Yet another version to making homemade garlic bread is to just use any crusty bread, spread garlic butter on top of it, and toast them in an oven. How to make garlic butter? Follow the steps here.
This garlic butter can now be used as a spread on slices of French or Italian bread. Don’t worry if there are any leftovers because you can keep it in the fridge and use it later.
Garlic Bread: The Origin Story
Now, where did garlic bread really come from?
Well, as with many food origin stories, there is some debate as to how garlic bread came about. One theory is that it originated from Persia around 500 BC. The story is that the invention was the brainchild of Persian soldiers, who were also bakers.
Basis for this theory is the same one that claims the earliest pizzas were created, and eaten, by the Persian army in the 5th or 6th century.
Another more popular theory is that garlic bread is a modified version of the traditional bruschetta [brus-ket-ta] brought to the United States by Italian immigrants.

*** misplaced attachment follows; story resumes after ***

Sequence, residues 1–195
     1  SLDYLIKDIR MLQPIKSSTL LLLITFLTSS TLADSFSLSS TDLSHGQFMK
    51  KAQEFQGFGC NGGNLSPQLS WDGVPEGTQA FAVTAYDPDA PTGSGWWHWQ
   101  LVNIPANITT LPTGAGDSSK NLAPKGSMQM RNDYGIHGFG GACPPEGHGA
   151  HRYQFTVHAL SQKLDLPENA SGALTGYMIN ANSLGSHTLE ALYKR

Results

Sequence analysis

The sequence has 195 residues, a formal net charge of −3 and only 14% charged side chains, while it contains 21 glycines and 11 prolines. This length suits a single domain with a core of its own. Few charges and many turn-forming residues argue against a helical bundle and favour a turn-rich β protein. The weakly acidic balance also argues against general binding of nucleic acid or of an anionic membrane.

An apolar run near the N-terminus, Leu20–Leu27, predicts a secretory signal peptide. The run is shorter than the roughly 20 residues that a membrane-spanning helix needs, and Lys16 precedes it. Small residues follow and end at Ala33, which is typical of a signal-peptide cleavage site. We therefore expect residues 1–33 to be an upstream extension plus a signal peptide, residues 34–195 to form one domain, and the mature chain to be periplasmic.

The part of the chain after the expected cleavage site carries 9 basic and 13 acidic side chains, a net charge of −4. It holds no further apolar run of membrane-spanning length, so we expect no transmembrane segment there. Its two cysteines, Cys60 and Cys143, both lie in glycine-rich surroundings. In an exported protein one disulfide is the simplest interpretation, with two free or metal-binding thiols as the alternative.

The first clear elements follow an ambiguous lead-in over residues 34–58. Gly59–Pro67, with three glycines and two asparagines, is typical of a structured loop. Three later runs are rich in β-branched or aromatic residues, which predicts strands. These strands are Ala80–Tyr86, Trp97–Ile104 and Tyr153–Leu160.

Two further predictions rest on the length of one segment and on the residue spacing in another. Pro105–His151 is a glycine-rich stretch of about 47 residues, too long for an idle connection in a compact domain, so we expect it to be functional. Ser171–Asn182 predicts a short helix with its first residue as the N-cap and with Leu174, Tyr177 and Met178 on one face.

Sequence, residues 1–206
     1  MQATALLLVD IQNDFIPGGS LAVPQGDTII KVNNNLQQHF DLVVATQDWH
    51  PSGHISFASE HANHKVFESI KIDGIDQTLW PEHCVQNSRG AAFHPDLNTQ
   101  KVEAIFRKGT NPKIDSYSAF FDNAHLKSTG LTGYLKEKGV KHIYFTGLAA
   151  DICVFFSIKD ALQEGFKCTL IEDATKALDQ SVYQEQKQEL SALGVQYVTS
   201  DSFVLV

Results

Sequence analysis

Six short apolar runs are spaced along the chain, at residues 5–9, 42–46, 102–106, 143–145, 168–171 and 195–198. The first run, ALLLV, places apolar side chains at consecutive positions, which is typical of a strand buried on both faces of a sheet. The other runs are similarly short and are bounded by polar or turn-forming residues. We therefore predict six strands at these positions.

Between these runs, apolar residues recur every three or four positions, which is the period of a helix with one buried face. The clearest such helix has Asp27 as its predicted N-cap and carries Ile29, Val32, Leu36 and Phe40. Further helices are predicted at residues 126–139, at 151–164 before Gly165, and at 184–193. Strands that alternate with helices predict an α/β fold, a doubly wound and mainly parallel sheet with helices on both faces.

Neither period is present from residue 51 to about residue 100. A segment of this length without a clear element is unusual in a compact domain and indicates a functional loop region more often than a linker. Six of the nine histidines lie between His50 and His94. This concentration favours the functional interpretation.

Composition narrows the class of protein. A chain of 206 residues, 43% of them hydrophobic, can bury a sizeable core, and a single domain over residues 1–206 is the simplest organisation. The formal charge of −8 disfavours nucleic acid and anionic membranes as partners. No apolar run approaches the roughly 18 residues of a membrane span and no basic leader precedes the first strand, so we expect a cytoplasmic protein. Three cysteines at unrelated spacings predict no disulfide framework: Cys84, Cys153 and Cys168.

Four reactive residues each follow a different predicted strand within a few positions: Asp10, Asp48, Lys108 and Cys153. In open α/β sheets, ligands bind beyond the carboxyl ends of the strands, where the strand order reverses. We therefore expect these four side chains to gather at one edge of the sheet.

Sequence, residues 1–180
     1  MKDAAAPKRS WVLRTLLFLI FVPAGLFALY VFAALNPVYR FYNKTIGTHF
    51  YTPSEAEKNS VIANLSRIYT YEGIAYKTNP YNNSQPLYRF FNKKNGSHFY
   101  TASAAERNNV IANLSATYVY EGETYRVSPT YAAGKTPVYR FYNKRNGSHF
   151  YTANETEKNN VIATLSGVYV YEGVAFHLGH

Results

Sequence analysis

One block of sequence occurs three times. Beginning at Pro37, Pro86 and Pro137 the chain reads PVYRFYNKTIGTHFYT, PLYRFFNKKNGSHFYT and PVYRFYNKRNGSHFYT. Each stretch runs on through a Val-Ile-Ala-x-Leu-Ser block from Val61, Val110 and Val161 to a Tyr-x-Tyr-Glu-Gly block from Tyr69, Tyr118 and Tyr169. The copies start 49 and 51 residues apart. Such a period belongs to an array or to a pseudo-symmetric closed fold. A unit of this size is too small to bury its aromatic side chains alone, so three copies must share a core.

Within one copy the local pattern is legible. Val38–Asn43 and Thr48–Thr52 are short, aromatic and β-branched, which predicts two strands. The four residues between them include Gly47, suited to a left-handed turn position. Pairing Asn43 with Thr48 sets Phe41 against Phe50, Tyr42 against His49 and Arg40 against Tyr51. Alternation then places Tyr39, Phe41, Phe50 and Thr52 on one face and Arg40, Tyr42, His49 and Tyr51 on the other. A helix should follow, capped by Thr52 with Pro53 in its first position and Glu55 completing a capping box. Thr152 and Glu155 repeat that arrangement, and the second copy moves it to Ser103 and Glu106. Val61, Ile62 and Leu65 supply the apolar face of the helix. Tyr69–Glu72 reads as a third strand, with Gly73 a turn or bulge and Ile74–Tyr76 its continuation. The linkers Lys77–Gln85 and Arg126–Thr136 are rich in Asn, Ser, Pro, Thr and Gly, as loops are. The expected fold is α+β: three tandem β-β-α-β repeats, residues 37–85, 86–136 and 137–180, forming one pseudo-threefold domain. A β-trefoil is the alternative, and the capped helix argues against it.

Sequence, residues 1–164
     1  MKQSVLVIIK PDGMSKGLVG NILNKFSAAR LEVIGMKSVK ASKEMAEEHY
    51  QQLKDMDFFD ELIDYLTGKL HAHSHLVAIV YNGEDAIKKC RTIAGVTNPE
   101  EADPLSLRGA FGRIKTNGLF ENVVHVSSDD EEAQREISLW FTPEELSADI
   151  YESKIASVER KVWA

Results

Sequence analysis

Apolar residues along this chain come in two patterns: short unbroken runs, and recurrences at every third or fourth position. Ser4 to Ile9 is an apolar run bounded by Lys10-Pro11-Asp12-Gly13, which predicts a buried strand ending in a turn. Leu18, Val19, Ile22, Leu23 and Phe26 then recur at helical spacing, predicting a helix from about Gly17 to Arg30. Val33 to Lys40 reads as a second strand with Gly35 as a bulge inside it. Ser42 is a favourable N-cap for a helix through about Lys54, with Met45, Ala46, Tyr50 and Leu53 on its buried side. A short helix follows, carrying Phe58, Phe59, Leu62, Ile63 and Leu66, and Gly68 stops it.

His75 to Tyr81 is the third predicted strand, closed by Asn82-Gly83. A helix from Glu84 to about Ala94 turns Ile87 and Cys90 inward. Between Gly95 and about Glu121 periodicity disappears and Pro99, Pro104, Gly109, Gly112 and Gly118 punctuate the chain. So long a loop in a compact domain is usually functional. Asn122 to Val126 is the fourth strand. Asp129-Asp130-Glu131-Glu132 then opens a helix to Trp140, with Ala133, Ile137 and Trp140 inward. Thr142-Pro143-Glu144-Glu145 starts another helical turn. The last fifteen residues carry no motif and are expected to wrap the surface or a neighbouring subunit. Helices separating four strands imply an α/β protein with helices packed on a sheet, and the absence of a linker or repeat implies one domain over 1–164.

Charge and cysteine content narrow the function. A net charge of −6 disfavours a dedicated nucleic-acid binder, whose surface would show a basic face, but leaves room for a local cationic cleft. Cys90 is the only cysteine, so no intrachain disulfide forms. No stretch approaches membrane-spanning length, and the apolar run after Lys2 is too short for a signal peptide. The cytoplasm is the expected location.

Well, whichever of the stories may be the true origin of this delicious bread, the fact is garlic has been cultivated in southern Europe for millennia. Although considered to be a native plant from the Central and South Asia, as well as southwestern Siberia, oldest recorded history of the crop was found in Egypt, Rome, Greece, India, and China.
And in most ancient texts, mention of garlic was not tied to the culinary arts, but more on medical applications. It was in ancient Chinese and Japanese texts that there was mention of garlic used as a food preservative.
Also, bread making has been considered one of the focal points to the birth of many ancient civilizations. As a matter of fact, historians theorize that bread making is at least 30,000 years.
According to a study by the National Academy of Sciences, definite traces of crushed starch in prehistoric tools such as mortar and pestles have been discovered. This means that man has been making and consuming some version of bread even before the beginning of recorded history.
So since bread is one of the oldest food in human history, and garlic has been cultivated in the south of Europe for thousands of years, it was only inevitable that the two would be brought together in some form or fashion. Don’t you think?
After all, eating is one activity that all humans on earth share… and it can’t be denied that human innovation certainly extends to the palate.